Last week, I got to interpret at the registrar’s office for the registration for the marriage of a German-British couple. I had only spoken with the bride on the phone, and the groom had flown in only two days prior, so this was the first time we met in person. Since we were early and the registrar was still busy, we started chatting – in English, of course.
They both had lovely British accents, which made my American drawl stand out even more, but we clicked and had great fun, so that was not an issue in any way.
And then it happened.
The groom (the only non-German in the house) asked me: “So, where did you learn to speak German so well?”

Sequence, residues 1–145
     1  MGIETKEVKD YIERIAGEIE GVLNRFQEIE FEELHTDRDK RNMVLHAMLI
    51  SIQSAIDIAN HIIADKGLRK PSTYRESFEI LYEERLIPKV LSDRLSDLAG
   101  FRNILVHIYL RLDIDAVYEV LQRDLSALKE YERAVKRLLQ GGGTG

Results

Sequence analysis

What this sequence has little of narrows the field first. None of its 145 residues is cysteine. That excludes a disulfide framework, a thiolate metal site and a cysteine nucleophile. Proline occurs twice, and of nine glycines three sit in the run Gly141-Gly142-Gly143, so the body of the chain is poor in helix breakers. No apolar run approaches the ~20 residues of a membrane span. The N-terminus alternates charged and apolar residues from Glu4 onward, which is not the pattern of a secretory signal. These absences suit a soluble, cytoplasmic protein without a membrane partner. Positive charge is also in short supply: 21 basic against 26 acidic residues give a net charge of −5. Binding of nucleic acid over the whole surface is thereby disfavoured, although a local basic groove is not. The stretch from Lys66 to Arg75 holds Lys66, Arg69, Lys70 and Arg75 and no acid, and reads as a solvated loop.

He almost fell off the chair when I said that I was actually German and had grown up here.
He thought I was a native (American) English speaker!
I’ll be honest: It made me just a little proud – and very happy!
And really, what is wrong with that? This is in a way the highest praise you can receive for speaking a foreign language, and it means even more to me as an interpreter. After all, people have to listen to me speak English, and if I can do it “accent-free” it tends to make it easier for them.
Now, don’t get me wrong, please. Accents are not bad per se, and having one (or not) does not automatically say anything about your skills as a translator or interpreter (or anything else, for that matter).
But let’s be honest – it is a great feeling to be mistaken for a native speaker! Even if you only admit it to yourself…